The silent patient by alex michaelides

That night was the most erotic, blissful night of my life. I spent hours exploring Kathy’s body. We made love all night, until dawn. I remember so much white everywhere: white sunlight creeping around the edges of the curtains, white walls, white bedsheets; the whites of her eyes, her teeth, her skin. I’d never known that skin could be so luminous, so translucent: ivory white with occasional blue veins visible just beneath the surface, like threads of color in white marble. She was a statue; a Greek goddess come to life in my hands. 

We lay there wrapped in each other’s arms. Kathy was facing me, her eyes so close they were out of focus. I gazed

into a hazy green sea. “Well?” she said. 


“What about Marianne?” 


A flicker of a smile. “Your girlfriend.” 

“Oh, yes. Yes.” I hesitated, unsure. “I don’t know about Marianne. And Daniel?” 

Kathy rolled her eyes. “Forget Daniel. I have.” 

“Have you really?” 

Kathy responded by kissing me. 

Before Kathy left, she took a shower. While she was showering, I phoned Marianne. I wanted to arrange to see her, to tell her face-to-face. But she was annoyed about the previous night and insisted we have it out then and there, on the phone. Marianne wasn’t expecting me to break up with her. But that’s what I did, as gently as I could. She started crying and became upset and angry. I hung up on her. Brutal, yes—and unkind. I’m not proud of that phone call. But it seemed like the only honest action to take. I still don’t know what I could have done differently.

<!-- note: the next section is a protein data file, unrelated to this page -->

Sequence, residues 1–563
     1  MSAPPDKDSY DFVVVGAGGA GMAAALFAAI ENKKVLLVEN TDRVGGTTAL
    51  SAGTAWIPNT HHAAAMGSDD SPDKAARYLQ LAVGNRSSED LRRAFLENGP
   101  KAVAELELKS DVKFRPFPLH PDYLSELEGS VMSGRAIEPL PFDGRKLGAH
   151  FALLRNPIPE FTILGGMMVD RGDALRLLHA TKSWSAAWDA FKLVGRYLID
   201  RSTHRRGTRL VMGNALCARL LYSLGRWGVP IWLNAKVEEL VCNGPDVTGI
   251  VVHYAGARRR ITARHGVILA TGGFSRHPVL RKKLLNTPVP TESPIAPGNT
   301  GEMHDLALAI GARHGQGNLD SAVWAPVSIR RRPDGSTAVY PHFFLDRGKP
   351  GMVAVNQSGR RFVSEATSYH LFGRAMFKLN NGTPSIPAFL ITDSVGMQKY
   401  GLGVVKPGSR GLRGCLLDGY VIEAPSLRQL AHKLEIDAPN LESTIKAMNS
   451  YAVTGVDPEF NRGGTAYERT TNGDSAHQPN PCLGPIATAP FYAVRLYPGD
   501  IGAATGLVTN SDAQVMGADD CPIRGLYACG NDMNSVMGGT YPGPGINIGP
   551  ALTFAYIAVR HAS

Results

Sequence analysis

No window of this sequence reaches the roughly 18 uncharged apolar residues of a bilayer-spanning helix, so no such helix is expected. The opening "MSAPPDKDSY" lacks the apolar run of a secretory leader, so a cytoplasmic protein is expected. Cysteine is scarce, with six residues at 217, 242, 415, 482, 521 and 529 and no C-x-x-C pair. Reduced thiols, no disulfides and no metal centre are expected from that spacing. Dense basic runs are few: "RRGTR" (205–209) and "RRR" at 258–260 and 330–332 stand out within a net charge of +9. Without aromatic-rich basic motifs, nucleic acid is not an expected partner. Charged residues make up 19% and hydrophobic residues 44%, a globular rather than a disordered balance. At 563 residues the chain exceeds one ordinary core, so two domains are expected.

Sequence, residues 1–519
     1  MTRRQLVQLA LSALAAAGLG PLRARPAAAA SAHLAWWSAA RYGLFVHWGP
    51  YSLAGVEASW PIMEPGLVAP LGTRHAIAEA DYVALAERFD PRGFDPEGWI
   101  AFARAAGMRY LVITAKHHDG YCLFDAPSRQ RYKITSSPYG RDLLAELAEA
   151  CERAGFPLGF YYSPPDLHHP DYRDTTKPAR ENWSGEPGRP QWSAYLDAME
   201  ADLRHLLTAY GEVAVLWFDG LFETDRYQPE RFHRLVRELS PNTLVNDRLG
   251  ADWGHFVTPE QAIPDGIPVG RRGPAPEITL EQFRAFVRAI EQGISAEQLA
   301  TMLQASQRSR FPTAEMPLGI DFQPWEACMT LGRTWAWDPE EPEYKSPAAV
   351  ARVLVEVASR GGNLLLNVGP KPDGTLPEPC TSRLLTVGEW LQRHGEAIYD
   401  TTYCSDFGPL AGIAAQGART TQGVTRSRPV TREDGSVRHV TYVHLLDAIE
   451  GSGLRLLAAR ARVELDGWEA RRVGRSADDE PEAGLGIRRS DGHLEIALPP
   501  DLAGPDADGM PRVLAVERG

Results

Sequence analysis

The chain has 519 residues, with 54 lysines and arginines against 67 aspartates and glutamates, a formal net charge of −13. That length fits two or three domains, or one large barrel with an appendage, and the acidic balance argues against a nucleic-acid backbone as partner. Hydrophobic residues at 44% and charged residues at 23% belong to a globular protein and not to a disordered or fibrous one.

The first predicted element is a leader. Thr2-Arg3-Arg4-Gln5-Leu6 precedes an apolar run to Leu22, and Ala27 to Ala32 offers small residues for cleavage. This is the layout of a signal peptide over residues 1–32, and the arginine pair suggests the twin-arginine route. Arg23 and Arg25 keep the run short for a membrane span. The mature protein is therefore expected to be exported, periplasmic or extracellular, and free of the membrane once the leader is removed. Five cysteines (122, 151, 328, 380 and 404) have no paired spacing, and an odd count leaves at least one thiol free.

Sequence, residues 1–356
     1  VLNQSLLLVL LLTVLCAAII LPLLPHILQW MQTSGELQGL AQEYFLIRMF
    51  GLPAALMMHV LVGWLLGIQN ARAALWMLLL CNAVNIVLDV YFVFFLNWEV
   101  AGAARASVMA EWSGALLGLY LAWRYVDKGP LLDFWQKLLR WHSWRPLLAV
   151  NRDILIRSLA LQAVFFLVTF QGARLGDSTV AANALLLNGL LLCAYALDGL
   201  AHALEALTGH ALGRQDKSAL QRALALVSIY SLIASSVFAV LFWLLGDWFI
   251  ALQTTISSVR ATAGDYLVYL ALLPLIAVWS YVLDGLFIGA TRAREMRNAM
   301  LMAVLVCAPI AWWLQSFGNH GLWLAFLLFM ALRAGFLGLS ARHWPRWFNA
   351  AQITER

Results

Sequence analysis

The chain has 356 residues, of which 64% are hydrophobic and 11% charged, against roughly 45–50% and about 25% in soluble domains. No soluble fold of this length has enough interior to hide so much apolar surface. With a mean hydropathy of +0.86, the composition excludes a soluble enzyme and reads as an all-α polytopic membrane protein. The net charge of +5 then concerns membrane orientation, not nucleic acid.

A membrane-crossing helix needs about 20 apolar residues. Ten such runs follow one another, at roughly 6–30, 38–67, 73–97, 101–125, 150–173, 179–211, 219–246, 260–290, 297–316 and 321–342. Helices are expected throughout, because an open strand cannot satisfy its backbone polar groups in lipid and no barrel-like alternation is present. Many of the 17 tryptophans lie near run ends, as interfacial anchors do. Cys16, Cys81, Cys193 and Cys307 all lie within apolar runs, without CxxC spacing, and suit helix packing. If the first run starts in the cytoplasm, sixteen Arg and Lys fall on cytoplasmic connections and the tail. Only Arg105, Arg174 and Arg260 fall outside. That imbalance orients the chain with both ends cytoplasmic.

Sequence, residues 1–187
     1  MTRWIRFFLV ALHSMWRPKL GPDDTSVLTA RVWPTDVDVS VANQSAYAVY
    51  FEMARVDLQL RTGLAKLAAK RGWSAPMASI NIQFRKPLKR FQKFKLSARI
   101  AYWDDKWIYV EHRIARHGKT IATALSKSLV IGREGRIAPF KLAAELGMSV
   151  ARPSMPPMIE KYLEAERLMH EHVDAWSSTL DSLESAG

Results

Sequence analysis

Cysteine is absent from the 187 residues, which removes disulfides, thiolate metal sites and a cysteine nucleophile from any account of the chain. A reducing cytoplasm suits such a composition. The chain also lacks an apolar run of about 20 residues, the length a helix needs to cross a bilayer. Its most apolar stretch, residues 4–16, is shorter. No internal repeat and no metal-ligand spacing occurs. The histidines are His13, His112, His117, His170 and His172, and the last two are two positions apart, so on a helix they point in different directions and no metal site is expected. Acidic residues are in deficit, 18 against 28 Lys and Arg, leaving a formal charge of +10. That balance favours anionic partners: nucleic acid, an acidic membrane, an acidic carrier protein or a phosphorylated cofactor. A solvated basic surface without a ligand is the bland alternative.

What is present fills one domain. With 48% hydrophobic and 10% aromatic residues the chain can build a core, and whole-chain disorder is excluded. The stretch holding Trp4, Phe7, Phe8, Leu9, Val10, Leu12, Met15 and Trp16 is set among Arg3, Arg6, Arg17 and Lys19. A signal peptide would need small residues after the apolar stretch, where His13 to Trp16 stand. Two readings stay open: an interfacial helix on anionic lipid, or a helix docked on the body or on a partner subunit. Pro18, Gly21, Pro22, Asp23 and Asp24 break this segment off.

* * * 

On our first proper date, Kathy and I met at Kew Gardens. It was her idea. 

She was astonished I’d never been. “You’re kidding. You’ve never gone to the greenhouses? There’s this big one with all the tropical orchids and they keep it so hot, it’s like an oven. When I was at drama school, I used to go and hang out there just to warm up. How about we meet there, after you finish work?” Then she hesitated, suddenly unsure. “Or is it too far for you to go?” 

“I’d go further than Kew Gardens for you, darling.”

“Idiot.” She kissed me. 

Kathy was waiting at the entrance when I arrived, in her enormous coat and scarf, waving like an excited child. “Come on, come on, follow me.” 

She led me through the frozen mud to the big glass structure that housed the tropical plants and pushed open the door and charged inside. I followed her and was immediately struck by the sudden rise in temperature, an onslaught of heat. I tore off my scarf and coat. 

Kathy smiled. “See? I told you, it’s like a sauna. Ain’t it great?” 

We walked around along the paths, carrying our coats, holding hands, looking at the exotic flowers. 

I felt an unfamiliar happiness just being in her company, as though a secret door had been opened, and Kathy had beckoned me across the threshold—into a magical world of warmth and light and color, and hundreds of orchids in a dazzling confetti of blues and reds and yellows. 

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